Typepad: a fee-based, blog-hosting service, it provides customizable design templates, mobile support, a widget catalog, podcasting support, spam control, revenue opportunities, and traffic tracker, among others. Offers a fourteen-day free trial. (
Xanga: more of a community/journaling model, but a very user-friendly blogging service. Offers free and fee-based premium services. Provides templates, comments, photo manager, videoblogs, tracking, and other features. (
Vox: a free, personal blog-hosting service with a neighborhood feel. Provides a built-in blog editor, privacy controls, e-mail, and support for photos and videos. (
Another trend that has driven the rapid growth of blogging over the past decade is the advent of a new generation of blogging tools, with which you can build and manage your own blog. Why would you want to host your own blog? If you want a blog to promote you or your company's brand identity, hosting your own blog gives you your own web address (URL). Also, you're free of the hosting site's design templates.
Self-hosting isn't for everybody, but if you've got the technical knowhow to go it alone, you'll have plenty of tools to do it right. And many of the most popular blog-development tools are open source, which usually means free, but more importantly, they're maintained by a committed developer community. WordPress is an example of an open-source project, and it's widely considered the most popular blogging software.
The proliferation of blogging has been helped by a data format known as a “news feed” or “web feed,” which is used to channel frequently updated web content to users via e-mail or through news-feed readers. RSS (Really Simple Syndication) is one of the best known and most widely used news feed format; Atom is another.
Here are just a few examples from the growing selection of blog-development tools you'll want to check out:
WordPress: This is one of the blogging world's most popular publishing platforms. Free and available on
Movable Type: This is another free, open-source blog-publishing system. Provides customizable templates, tagging features, access management, TrackBack, and supports multiple blogs. Comes with a dashboard, a WYSIWYG editor, and features for managing photos, audio, and video. (The developers of this system, Six Apart, also created the TrackBack feature.)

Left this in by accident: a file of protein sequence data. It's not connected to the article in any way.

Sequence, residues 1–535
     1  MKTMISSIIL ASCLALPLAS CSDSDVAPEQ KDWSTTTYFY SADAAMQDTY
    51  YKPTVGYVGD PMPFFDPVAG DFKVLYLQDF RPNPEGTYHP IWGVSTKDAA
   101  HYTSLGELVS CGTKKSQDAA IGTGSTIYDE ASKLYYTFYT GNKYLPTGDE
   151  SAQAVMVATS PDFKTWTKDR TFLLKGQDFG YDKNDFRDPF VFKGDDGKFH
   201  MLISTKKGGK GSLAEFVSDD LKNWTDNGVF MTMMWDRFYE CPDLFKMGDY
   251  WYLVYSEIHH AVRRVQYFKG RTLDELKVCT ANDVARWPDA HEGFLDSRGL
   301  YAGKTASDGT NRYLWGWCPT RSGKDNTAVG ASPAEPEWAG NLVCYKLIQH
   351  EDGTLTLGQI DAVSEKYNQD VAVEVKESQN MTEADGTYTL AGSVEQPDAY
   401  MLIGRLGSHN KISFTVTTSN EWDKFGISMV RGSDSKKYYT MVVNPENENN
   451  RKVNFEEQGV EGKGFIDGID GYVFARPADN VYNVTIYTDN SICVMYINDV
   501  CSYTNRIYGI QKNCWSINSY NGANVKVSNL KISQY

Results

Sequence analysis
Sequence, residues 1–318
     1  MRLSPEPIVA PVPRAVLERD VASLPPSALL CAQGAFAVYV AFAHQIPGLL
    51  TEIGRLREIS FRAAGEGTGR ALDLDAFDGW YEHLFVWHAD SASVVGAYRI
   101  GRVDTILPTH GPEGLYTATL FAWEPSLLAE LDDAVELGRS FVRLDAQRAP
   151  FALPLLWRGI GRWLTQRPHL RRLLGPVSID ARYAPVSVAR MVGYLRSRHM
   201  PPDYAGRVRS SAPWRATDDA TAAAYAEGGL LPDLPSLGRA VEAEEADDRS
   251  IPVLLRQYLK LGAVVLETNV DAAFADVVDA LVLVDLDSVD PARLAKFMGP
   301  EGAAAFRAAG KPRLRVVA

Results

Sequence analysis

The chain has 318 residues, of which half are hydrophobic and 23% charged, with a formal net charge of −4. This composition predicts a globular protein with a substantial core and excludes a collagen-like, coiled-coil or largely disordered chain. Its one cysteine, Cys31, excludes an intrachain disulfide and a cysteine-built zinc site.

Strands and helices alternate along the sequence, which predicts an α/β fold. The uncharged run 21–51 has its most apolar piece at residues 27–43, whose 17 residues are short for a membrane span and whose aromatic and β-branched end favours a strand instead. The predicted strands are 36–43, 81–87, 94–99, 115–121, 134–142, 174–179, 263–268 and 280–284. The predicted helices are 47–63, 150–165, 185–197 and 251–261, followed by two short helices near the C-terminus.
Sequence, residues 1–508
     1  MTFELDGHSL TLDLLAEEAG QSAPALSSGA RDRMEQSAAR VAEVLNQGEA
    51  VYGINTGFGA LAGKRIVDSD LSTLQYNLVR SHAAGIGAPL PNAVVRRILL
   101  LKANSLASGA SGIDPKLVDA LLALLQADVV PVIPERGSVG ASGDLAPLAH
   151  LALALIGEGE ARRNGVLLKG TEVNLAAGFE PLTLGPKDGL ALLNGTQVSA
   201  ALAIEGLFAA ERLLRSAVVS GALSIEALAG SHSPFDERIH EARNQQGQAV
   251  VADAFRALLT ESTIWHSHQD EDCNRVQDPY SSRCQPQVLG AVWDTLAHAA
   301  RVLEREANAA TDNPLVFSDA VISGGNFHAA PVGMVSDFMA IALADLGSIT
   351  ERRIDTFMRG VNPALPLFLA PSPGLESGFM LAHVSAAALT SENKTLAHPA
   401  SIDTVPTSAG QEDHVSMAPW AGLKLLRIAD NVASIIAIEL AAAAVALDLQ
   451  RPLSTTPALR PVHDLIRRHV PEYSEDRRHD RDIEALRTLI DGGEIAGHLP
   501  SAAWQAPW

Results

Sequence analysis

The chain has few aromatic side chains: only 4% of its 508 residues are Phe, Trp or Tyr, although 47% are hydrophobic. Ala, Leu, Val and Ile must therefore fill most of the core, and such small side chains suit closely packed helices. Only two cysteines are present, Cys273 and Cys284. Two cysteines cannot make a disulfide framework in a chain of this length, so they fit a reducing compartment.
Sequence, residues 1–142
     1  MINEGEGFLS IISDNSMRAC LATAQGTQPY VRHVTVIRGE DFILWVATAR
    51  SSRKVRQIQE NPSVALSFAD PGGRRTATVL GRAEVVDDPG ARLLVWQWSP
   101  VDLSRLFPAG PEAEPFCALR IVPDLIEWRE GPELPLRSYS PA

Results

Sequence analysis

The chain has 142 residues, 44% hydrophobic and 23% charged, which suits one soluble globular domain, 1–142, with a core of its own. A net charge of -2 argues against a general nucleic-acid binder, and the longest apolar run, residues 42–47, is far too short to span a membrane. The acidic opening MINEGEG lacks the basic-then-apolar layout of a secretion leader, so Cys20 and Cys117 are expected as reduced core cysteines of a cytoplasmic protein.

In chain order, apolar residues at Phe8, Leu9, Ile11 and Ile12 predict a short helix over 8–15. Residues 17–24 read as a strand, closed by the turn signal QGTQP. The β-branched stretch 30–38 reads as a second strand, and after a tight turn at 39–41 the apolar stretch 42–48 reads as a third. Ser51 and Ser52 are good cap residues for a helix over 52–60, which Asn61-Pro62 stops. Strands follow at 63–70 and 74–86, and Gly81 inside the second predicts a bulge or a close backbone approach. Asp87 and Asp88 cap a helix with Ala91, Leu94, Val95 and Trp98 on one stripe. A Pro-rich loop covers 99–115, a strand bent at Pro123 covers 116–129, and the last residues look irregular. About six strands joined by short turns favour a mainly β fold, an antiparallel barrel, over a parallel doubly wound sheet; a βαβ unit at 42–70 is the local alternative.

ExpressionEngine: Billed as a content-management system, not strictly a blog-development tool. But it's worth mentioning as another flavor of tooling you might want to consider. This is a powerful web-publishing solution that bundles plenty of features into its weblog module, including custom data fields, multiple nested categories, sticky topics, workflow, publish and expiration dates, and other features. The system supports an unlimited number of blogs, RSS and Atom syndication, a template library, mobile blogging support, and more.
Google Analytics: One of the top web-traffic tracking tools, and it's free. Provides reports in detail about the visitors to your blog.
Risks of Blogging
Before you plunge into the blogosphere, consider the risk involved. It's not an especially dangerous place, and this isn't meant to discourage participation, but keep in mind that it's not immune from defamation and liability laws.
According to the Electronic Frontier Foundation (
Before you begin your blogging adventure, jump on the EFF site and check out “Bloggers' FAQ on Online Defamation Law” (
For corporations, employee blogging activity poses a new kind of enterprise security threat that should be considered when developing policies. The source of the risk: disgruntled or malicious employees, and simple carelessness. Your employees don't necessarily have to have bad intentions to do some damage to your company's brand and reputation.
In a corporate environment, blogging presents an opportunity for deliberate or accidental breaches of confidentiality that can be just as damaging as corporate espionage. Bloggers can also become unwitting accomplices to spyware distributors and hackers.
But you don't have to ban the blog. The solution is to establish a clear, well-communicated set of acceptable blog-use policies as part of the company's overall security posture. Employers should establish best blogging practices, including a blogging code of ethics. With these kinds of policies in place, such high-profile, blogging-related firings as the dismissal in 2004 of a Delta Airlines flight attendant for posting “inappropriate pictures in uniform,” or the Googler bounced for blogged comments about life at work, can be avoided.